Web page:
In Europe an increase in the abandonment of babies has lead to the re-establishment of foundling wheels, first created in 1198 in Italy, modernized as an incubator-like baby hatch at a hospital. A number of countries have done so, as a response to an increase in abandoned babies, and their deaths. They include Austria, the Czech Republic, Italy, Germany, Hungary Poland, and Switzerland in Europe, as well as Japan and the Philippines in Asia. In Pakistan and India, a number of baby hatches have been created in an effort to curb female feticide, and abandonment of babies out of poverty, 95% of whom are baby girls.
A German baby hatch, receives baby warm and safe, then sets off a notification to staff.
One major critique of these practices of foundling wheels and protections for mothers, is a failure to address fathers' rights. While in the past in Europe both poverty and the shame of an out of wedlock birth were motivators, currently the issues are more likely poverty and being overwhelmed by the need to care for an infant. Fathers may or may not be aware of the pregnancy, birth, or abandonment. Legally their rights are often less protected than the mothers'. The child also loses right to know his or her identity--maternal and paternal--as guaranteed by the UN Convention on the Rights of the Child.
Foundling wheel (ruota innocenti) at the "Ospedale degli Innocenti" in Florence
Certain countries have made laws and taken social action to encourage women, who "choose" (not always a very free choice) to have a baby, to also choose to have it live and be cared for. France's law of "accouchement sous X", ie allowing a woman to deliver a baby in hospital anonymously, including anonymous to the hospital, was vigorously defended by Ségolène Royal, herself a mother, in the last Presidential elections. Certain US states have created Safe Haven Laws or Baby Moses Laws to decriminalize a mother leaving an infant at a hospital. Due to the economic downturn however, Nebraska, for one, experienced a number of older children being left.
Natural disasters, like the recent one in Haiti, result in new "orphans", some truly orphaned, and others only separated from loving parents. They also invoke rescue responses internationally by others to want to adopt the children orphaned by the disaster. This raises a number of issues about who is a real orphan, profiteering, child trafficking of real orphans or just any child, and whether it is best, especially for older children rather than infants, to be adopted away from their home culture and extended family, and social networks of friends, neighbours, and classmates.
Another high profile media type of adoption, and a controversial one, is celebrity adoption. While it may set an admirable role model for adopting and diversity, the Angelina Jolie phenomenon of adopting a rainbow family seems to me somewhat contrived, and only superficially beneficial to the majority of children in orphanages around the world, by raising awareness and giving a role model for cross-racial and interfaith adoption. Jolie's and others' philanthropic efforts in a number of countries towards orphanages, schools, and hospitals are more effective and admirable in my opinion. Efforts to get at the poverty that is the most common reason for children to be in a third world orphanage are even better, in my opinion.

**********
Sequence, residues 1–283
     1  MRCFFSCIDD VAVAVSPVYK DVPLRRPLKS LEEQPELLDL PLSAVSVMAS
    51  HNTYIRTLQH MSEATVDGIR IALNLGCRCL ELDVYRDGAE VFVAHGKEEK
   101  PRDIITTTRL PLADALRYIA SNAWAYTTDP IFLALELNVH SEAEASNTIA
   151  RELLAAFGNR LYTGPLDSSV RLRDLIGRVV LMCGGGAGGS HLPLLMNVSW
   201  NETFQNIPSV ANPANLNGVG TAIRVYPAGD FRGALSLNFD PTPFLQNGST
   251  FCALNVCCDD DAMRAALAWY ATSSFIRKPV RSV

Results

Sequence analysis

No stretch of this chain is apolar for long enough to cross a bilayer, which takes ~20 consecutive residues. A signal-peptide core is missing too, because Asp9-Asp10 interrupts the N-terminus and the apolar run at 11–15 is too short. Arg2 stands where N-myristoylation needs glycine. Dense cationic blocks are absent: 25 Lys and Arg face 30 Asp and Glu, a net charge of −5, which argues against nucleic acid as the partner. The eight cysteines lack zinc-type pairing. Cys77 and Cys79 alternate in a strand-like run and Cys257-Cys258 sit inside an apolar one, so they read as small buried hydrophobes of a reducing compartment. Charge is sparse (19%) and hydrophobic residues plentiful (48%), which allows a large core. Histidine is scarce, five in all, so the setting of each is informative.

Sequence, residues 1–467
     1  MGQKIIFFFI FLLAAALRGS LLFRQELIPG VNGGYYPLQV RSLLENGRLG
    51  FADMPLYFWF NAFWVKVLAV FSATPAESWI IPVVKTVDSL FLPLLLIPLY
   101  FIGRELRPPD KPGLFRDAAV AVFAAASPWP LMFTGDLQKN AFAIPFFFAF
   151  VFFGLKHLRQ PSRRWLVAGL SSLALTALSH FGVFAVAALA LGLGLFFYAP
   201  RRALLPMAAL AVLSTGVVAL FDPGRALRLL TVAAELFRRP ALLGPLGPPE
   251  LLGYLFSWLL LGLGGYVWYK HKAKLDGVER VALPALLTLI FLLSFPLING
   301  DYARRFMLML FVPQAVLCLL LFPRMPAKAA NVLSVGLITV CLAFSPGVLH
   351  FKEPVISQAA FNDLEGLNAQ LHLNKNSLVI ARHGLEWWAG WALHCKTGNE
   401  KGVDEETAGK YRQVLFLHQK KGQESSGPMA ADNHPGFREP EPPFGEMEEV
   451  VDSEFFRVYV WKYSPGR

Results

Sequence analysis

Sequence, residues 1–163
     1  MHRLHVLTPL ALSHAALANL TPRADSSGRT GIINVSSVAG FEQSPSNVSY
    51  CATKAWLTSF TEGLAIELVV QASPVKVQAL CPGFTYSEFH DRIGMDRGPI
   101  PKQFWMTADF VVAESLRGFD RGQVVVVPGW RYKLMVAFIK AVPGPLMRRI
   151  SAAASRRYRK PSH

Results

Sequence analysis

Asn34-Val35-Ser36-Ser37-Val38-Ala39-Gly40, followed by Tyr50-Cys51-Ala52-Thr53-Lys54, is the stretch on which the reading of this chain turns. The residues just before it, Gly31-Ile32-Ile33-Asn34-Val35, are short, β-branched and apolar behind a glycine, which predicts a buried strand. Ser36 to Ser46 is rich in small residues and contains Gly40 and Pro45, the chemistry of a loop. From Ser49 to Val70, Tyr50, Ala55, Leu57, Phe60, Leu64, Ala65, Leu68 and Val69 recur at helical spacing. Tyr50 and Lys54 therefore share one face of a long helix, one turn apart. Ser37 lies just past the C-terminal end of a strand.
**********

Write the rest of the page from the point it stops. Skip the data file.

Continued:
SOS Children's Villages International, created by a philanthropist post-WWII to deal with the war orphans and displaced children, is now established in the 3rd world. Its houses, with a small number of children and a "mother", living among other similar houses, seems to be a better model than the older orphanage model, which had large numbers of orphans together in a highly institutionalized setting. SOS Villages also protects children longer term, ensuring their education and integration into working society rather than (re-) abandoning them at an arbitrary age.
Iraqi girls, Al Amal Al Khariya (Virtuous Hope) orphanage, during an American troop's goodwill visit
Islam values the care of orphans highly, and advocates kafala or guardianship, but does not allow for adoption in the Western sense. Kafala is a legal undertaking but the child retains their family name, and does not inherit from the guardians. Mahrem and non-mahrem rules apply as they would in reference to the child's biological family, meaning that the family members the child is raised with would be non-mahrem. This would only change if a baby was taken in very young and breast fed by the mother, making her the child's milk mother, and her biological children breast fed by her the child's milk siblings. The mahrem and non-mahrem rules apply to milk relationships as well as to blood ones.
Kafala has been compared in the West to fostering, but, perhaps because of professional experience, I think that comparison is unfair, in that foster homes are most often highly temporary, and sadly can be as abusive as the original setting; or the phenomenon of being switched from family to family undermines the child's sense of stability and self worth. Also, the fostering ends at age 18 or can end at age 16 if a child wants to opt out of the system (usually into social services to stay in high school). Then again, perhaps I am naive about kafala, which I tend to see as open adoption, and which Coolred described more as long distance funding, or a place to put one's zakat money.
I take the liberty here of recopying my comments on Coolred's post, Give Me A Family...Please?, lightly edited for typos and comprehension, to address a number of further points that I feel are relevant on this topic, some of which are responses to others, including Coolred: